Skip navigation

The right to die with dignity in the ACT

Community-endorsed Independent Senate candidate David Pocock will move a private Senator’s bill to restore the ACT’s right to legislate on voluntary assisted dying in his first weeks in the Senate, should he be elected.

David said the right for the ACT to make its own laws, especially on important issues like voluntary assisted dying, is something that the community has raised repeatedly.

“Tragically, for some in our community, this is not a debate that can wait,” David said.

“The people I’ve spoken to who have loved ones, or who are themselves, facing end of life choices, shouldn’t have to face moving interstate to access the full range of rights and dignities afforded to other Australians.

“That’s why I will make this a first order priority if elected.

“In 1997, Canberra was stripped of its right to introduce a voluntary assisted dying scheme through Liberal MP Kevin Andrews’ private member’s bill, which banned the territories from legislating on this matter.

“A quarter-century later and now the ACT and NT are the only jurisdictions not to have voluntary assisted dying laws in place or be actively considering legislation in this area.

“In 2017, we watched the Victorian Parliament debate this matter with incredible sensitivity and compassion, taking into account the support and concerns of faith groups, doctors, nurses, palliative care workers and the community-at-large.

“Canberrans should have the right to do the same, this is simply a matter of equity in giving the territories back the same rights as the states to consider this issue.”

“My bill will not be an invitation for the Parliament to debate voluntary assisted dying. That conversation should be for the people of the ACT alone. My bill will only invite the Parliament to consider whether the territories should continue to be regarded as second class citizens or whether they should have the autonomy to consider this issue for themselves.”

David said that like many Canberrans, and Australians, he personally supports the right of people who are terminally ill and experiencing unrelievable suffering to have a conversation with their doctor about assisted dying.

“I deeply appreciate the range of very personal and deeply held beliefs on this topic. That’s why it’s so important that we, as a community, have the right to respectfully and compassionately consider this issue for ourselves.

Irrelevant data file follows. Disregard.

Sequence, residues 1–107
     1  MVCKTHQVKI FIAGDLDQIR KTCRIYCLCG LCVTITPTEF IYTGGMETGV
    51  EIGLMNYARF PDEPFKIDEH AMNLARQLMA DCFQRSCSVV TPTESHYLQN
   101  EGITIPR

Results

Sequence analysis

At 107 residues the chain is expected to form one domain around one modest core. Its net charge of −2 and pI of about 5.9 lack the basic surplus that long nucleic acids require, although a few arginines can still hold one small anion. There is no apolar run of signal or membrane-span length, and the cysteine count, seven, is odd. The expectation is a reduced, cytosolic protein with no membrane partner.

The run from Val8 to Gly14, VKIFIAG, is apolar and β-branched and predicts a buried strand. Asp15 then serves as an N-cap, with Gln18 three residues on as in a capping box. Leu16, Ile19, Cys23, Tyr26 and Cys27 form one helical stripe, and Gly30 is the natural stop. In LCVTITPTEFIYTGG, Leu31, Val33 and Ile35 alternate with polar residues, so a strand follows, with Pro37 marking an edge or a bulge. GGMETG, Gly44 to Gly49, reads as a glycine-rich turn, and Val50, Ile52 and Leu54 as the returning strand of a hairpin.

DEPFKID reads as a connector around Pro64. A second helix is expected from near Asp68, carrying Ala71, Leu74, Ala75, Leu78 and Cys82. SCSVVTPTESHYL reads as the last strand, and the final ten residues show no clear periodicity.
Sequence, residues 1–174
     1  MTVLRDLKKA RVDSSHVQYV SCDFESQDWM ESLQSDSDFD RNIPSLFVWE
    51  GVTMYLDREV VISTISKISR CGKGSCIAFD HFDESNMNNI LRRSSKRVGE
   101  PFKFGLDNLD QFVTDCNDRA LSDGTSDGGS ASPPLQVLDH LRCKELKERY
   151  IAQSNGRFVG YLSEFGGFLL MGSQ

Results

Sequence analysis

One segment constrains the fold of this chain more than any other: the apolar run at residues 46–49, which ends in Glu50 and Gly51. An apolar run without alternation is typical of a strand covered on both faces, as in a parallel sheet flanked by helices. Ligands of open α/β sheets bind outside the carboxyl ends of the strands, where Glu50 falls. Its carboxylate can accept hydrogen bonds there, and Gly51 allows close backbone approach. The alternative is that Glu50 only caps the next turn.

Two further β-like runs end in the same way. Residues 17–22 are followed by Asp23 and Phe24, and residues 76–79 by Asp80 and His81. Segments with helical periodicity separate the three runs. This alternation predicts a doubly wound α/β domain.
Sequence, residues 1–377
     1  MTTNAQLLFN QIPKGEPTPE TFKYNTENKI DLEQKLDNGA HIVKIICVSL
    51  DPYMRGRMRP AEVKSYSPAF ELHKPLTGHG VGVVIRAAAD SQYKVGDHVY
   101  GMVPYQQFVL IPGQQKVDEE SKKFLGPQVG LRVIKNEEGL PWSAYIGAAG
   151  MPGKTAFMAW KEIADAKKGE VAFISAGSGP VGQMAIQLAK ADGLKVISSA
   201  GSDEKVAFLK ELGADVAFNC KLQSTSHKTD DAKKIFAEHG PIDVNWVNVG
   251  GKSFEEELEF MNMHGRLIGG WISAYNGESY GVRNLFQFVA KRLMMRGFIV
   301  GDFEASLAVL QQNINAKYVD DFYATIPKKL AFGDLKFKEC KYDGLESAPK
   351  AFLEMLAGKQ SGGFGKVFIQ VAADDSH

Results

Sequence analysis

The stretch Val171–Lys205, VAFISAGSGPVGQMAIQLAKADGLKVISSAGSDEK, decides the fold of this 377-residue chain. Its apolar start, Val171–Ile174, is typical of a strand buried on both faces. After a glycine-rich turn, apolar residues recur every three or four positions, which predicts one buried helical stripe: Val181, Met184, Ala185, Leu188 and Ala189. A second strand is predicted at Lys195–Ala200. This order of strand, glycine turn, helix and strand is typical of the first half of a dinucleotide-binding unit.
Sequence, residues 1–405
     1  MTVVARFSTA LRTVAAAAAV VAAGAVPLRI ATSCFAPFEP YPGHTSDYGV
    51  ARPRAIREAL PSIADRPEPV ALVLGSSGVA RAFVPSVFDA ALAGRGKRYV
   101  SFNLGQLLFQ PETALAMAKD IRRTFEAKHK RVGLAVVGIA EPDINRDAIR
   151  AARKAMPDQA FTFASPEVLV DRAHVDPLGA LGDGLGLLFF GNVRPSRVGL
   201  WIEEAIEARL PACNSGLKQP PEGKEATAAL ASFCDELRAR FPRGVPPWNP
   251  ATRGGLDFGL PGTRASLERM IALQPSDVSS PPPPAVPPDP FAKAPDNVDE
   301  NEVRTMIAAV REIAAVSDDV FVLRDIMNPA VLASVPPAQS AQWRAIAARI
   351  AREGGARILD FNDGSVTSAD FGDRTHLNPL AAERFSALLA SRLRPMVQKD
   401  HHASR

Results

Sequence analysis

“The job of elected representatives is to advocate in support of the wishes of the community, not to make decisions for them based on personal preferences.”

David said he had spoken to hundreds of Canberrans who wanted to see this inequity addressed as a matter of urgency.

“Speaking out for the first time 39-year-old Samuel Whitsed, who has sadly been diagnosed with a rare stage four terminal cancer, is hoping voluntary assisted dying may be an option for him in the future.

“Samuel doesn’t want to suffer in his last months. He doesn’t want to move away from his home in order to access voluntary assisted dying in another state. He simply wants to be able to have a conversation with his doctor should his pain become unbearable at the end of his life.

“Sam Daleney who lost his beloved mother Linda “Linny” Delaney in 2019 has also come forward to share her story. Linny had been a nurse for 38 years, which included 20 years working in paediatrics. She was the sort of person who was always on her feet, working two jobs to earn a bit of extra income to provide for her family.

"Sam estimates that Linny touched the lives of 30,000 people in Canberra through her decades of service as a nurse. More than dedicated, she loved her job, so much so that even her plans for retirement included volunteer nursing. However, in 2012, at just 58-years-old, Linny was diagnosed with early onset dementia.

“As a nurse, Linny knew from the moment she was diagnosed what was ahead of her. She knew there was no treatment, no cure and that she would experience immense suffering. She didn’t want it, and would speak to Sam about how she wished she had the option to die with dignity on her terms.

“As Sam recalls it, it was those final days that were the hardest, in watching his mother succumb to this vicious disease in pain, and in a way that she would have thought undignified.

“These are just a couple of the pleas I have heard from fellow Canberrans for us to do better on this difficult issue.”

According to recent polling conducted by the Australia Institute, 76% of Australians agree that people with terminal illnesses experiencing unrelievable suffering, and who ask to die, should be allowed to receive the assistance of doctors to do so.

The same polling revealed that 76% of Australians believe that territory governments should have the right to consider voluntary assisted dying in their own jurisdictions.

Polling data from National Seniors Australia reveals that an even greater proportion of older Australians in the ACT (87.4%) agree with voluntary assisted dying.

David’s private Senator's bill would seek to amend the Australian Capital Territory (Self-Government) Act 1988 and the Northern Territory (Self-Government) Act 1978 to remove the prohibitions on the ACT and NT governments from legislating on voluntary assisted dying.

Continue Reading

Read More